Gilda (1946) Rita Hayworth, Glenn Ford. A Film review.
This film is one of the greats of the 20th Century. It’s a terrific romantic drama/film noir with Rita Hayworth in her career-defining role as the beautiful Gilda who turns the head of every male in the movie as well as disrupting the lives of ex flame, small time operator Johnny (Glenn Ford) and his new boss, Big-time crook Ballin Mundsen (George McReady). The three play out a classic love-triangle, which was familiar with the late 40’s era of film making. So what makes Gilda different? The film is set in post-war Buenos Aires in Mundsens unofficial gambling den. The plot definitely has shades of “Casablanca” about it and whilst Glenn Ford can’t match Bogart for screen charisma or George McCready’s smooth air of flamboyance, Rita Hayworth loses nothing in comparison to the great Ingrid Bergman. (Rita’s rendition of ‘Put the Blame on Mame’ is a must-see).
While downgrading Ford above in comparison to Bogart, that said he is utterly convincing as the small time nobody whose path crosses (luckily) with big-shot Mundsen to his immediate benefit, until the arrival of Gilda, that is…. He acts with total conviction and his scenes with Hayworth portray real chemistry, totally convincing you of their previous relationship with each other.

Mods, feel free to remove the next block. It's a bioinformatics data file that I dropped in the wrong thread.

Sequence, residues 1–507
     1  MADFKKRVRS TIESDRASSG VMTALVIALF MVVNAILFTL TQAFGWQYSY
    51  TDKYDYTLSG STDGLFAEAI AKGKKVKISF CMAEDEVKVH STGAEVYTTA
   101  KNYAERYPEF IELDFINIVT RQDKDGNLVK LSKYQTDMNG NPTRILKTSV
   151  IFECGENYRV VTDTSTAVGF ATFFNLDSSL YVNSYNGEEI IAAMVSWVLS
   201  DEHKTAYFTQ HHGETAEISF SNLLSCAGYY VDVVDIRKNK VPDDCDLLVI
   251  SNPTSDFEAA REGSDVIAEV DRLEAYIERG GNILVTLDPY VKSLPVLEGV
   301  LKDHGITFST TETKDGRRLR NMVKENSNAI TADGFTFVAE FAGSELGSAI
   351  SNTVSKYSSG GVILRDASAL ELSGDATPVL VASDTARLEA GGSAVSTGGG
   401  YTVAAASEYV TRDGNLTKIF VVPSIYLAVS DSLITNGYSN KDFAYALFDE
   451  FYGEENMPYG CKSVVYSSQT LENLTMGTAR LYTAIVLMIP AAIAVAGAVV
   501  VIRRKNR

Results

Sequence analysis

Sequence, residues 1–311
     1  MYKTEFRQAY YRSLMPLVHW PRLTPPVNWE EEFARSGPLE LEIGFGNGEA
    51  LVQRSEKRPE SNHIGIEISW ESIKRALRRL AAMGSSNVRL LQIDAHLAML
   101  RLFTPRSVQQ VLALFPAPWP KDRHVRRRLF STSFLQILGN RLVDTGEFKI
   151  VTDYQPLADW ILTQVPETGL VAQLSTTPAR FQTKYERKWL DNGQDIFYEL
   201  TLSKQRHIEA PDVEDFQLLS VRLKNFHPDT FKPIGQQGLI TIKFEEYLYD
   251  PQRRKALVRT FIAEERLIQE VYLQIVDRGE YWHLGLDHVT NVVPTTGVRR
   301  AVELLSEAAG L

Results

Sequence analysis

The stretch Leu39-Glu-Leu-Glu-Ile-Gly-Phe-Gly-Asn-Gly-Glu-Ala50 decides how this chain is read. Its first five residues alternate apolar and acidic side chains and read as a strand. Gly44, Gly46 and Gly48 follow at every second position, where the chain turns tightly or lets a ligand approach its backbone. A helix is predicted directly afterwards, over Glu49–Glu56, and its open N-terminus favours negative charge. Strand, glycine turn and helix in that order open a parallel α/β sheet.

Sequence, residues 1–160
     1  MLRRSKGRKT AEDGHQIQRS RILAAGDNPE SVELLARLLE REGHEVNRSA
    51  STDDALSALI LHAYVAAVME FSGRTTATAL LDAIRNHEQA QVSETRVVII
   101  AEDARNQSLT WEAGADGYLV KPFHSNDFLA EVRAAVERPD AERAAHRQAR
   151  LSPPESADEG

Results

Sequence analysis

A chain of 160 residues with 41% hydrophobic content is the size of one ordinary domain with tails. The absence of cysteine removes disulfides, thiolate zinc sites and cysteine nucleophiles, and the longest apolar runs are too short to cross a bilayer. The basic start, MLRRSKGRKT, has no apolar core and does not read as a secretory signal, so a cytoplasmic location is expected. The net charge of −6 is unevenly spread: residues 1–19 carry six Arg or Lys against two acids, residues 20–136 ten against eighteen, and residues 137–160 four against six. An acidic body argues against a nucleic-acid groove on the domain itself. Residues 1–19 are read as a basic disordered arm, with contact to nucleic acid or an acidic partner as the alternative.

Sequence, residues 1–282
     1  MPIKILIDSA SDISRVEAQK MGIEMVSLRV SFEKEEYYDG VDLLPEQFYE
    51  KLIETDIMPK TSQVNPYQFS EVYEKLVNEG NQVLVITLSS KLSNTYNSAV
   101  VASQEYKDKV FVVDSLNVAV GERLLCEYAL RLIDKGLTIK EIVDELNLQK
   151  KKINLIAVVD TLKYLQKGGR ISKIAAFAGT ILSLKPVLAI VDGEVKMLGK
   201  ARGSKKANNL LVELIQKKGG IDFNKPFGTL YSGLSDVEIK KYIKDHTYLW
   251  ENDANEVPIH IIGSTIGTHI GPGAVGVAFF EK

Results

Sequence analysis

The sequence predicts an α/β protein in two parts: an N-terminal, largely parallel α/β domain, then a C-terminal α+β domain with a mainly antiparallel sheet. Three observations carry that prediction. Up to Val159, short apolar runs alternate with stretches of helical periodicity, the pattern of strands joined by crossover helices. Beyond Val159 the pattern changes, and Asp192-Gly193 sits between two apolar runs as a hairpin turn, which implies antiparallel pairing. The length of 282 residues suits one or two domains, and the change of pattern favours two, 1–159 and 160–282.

Hayworth of course is an absolute knock-out, from one of the best character introductions in any film ever (just by shaking her hair and answering to her name!) she shows us all the conflicting emotions her delicate character is driven by, need for love, need for attention, need to show-off, need to manipulate… the list goes on. McReady is a good foil for both Ford and Hayworth. Which takes us back to Casablanca, often rated the best film ever in various public and critic’s polls, whose ending of course left us all guessing. For me though Gilda is right up there with it, a timeless noir-classic, beautifully shot and played, a mesmerising treat for the eyes and ears.